¡Charity Mahouna Hicks, Presente!

With extreme sadness and rage, we write to share the news that our beloved compañera Charity Mahouna Hicks has joined the ancestors on Tuesday July 8th 2014. As a community we have been sending love to Charity since she suffered traumatic injuries due to a hit and run in NYC on May 31st. We send our heartfelt condolences to her husband Louis, her family, her colleagues and extended political family.

We have had the chance to work with and learn from Charity since meeting her in Detroit through the US Social Forum process, and since then through her participation and leadership on delegations to Dakar, Senegal for the World Social Forum in 2011, to Chicago for the No NATO mobilizations in 2012, to Tunis, Tunisia for the World Social Forum in 2013, and most recently at the GGJ Membership Assembly hosted in Detroit this past April 2014 by East Michigan Environmental Action Council (EMEAC). To all of these spaces, Charity always brought a fierce, grounded and visionary revolutionary spirit as she spoke with clarity and passion about the interconnections between faith, healing, militarism, climate change, and the fight for basic human rights. Just before her trip to NYC, Charity was arrested and detained overnight for speaking out against water shutoffs on her block in Detroit. Read below for more about Charity’s extraordinary movement and community contributions.

One of the last times Charity spoke with the Detroit community at a local organizing gathering, she put out a call to Wage Love. We ask you now to heed that call by spreading the word about all of her great work, and by contributing to the Wage Love fundraising campaign to help cover immediate costs of bringing Charity home to Detroit and holding a proper home going service, and sustaining Charity's husband Louis while he takes unpaid family medical leave from work. 

Contribute to the Wage Love Fund: http://www.gofundme.com/wagelove

Watch one of the last interviews filmed with Charity: http://vimeo.com/97235613

Charity’s impact was not only felt in Detroit, but across the globe.  Since Tuesday we have received numerous messages from movement leaders sending condolences, stories and inspiration from their encounters and relationships with Charity.  Please read quotes and reactions from movement leaders below.

We heed Charity’s call to Wage Love, and as the MST (Landless People’s Movement of Brazil) says, we pledge to take up the duty of continuing to water and care for the seeds of struggle that Charity planted in all of us.

Love and courage, 
Grassroots Global Justice Alliance

¡Charity Mahouna Hicks, Presente!


Statements and Reactions from Movement Leaders

“The Xukuru indigenous people, from northeast Brazil, says that when we lose a warrior, we do not bury her. We plant her. Because from her seeds will be born many other warriors.  Charity left us the seeds of her dreams and ideals. The seeds of the struggle for a better world, where the land is in the hands of the people who live and work it; where water and all natural resources are a heritage of peoples; where there is healthy food for all people; where there are no exploiters or exploited.  We now have the duty of watering that seed of struggle. Grow it, care for it. In each mobilization; in each march; in each land occupation; in every struggle; the seed and the presence of Charity will be with us.”—Excerpt of statement from Movimento Dos Trabalhadores Rurais Sem Terra-MST, Brazil. Scroll to bottom of this page to read full statement from MST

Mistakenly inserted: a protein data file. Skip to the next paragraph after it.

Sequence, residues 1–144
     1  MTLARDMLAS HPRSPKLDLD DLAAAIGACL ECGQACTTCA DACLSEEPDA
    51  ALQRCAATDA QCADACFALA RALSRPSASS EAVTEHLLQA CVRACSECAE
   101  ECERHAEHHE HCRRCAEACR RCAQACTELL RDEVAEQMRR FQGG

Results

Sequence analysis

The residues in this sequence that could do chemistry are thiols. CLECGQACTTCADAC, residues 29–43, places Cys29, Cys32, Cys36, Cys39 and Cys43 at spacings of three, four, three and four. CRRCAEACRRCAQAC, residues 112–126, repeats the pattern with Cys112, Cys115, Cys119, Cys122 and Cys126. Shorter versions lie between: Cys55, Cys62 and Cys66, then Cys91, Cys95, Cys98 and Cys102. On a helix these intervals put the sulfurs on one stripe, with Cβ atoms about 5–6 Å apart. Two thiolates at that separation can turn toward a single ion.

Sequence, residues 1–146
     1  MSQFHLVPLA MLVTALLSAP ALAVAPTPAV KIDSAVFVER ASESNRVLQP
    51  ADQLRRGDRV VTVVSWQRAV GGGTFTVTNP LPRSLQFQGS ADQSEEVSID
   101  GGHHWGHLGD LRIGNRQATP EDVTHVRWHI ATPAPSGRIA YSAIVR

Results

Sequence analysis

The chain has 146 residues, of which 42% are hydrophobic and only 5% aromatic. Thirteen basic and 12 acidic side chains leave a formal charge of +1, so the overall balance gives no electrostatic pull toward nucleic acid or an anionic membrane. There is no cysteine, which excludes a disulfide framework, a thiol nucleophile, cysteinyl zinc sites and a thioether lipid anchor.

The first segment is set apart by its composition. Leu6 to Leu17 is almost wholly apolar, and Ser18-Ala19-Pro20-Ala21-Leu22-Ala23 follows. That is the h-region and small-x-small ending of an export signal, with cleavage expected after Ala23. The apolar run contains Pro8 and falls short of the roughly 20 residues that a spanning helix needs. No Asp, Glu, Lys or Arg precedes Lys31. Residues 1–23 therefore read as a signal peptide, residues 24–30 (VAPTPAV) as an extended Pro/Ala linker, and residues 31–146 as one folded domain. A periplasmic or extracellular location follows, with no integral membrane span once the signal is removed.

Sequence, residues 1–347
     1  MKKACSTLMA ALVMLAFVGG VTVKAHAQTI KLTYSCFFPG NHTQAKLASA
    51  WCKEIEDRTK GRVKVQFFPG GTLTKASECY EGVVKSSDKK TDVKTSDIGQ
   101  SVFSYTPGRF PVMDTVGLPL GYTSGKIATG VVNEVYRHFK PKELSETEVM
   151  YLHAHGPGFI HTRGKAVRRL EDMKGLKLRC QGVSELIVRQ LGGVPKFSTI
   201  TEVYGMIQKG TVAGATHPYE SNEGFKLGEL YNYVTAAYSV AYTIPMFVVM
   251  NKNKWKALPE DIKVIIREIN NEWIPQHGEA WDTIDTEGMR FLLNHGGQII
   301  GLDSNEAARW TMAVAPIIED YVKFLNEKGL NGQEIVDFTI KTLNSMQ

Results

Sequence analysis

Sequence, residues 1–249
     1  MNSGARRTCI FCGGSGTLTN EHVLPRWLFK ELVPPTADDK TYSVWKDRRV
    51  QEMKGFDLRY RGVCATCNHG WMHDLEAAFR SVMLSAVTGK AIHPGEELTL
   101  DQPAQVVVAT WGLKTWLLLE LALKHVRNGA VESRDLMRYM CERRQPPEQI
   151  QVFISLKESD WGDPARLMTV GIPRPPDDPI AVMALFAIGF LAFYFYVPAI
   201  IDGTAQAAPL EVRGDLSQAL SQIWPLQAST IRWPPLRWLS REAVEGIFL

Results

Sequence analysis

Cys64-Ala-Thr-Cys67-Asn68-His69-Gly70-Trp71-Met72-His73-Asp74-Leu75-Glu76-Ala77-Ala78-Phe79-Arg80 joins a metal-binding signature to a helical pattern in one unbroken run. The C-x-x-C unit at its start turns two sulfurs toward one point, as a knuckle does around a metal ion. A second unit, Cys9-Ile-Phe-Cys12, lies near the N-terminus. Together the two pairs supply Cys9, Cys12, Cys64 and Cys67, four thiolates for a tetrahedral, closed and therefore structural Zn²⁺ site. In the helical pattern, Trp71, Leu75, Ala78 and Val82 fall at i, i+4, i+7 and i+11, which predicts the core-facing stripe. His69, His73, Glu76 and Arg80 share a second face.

“I first met Charity in the US Social Forum process in Detroit, where she was in charge of setting up water stations for the opening march and was pivotal in introducing so many of us in the movement to the policy of no plastic water bottles at major events.  We got to work with her closely in the lead up to the first Climate Justice Alliance leadership meeting in Detroit in September 2012, and also through her participation in Grassroots Global Justice national and international delegations, in particular the key role she played in the Climate Space in the World Social Forum-Tunisia last year.  She presented powerfully on a panel on the role of faith communities/spirituality, the fight against militarism, and climate change.  Charity was fierce revolutionary, a determined fighter for basic human rights, and a generous, opinionated, grounded, visionary, brilliant woman who has left us too damn early.”—Cindy Wiesner, GGJ

“We just saw the terribly tragic news of our dear comrade Charity passing away in New York. We are so very sorry for your loss. We remember her with so much fondness at the Climate Space at the WSF and most recently at the GGJ Assembly where she had always been full of energy, inspiration and courage. We cannot imagine how difficult a time this must be now for you all – Charity’s family and dear friends and comrades. We are with all of you in this tragic moment and loss of a great activist and a brave woman. Sending you all our love.”—Pablo Solón and Mary Lou Malig

“Just heard the sad news about the passing of Charity Hicks. As I recall, Charity was part of the GGJ delegation for the WSF in Tunis. My condolences to you and all your colleagues in the GGJ. From the all too brief contact I had with her in Tunis, she sure seemed to be a remarkable person and leader in the struggle!”—Tony Clarke, Polaris Institute

“All of us at Grassroots International were incredibly sad to hear this news.  We just got together for a moment of reflection and gratitude about Charity 's amazing life and spirit.  With eyes full of tears, heavy hearts, and overwhelming love, we recommit ourselves to the struggles that have been so important to Charity.  Ife, Diana, Will, and everyone at EMEAC, we are with you, and please let us know how we can support you in this difficult time. Charity Hicks, Presente!”—Grassroots International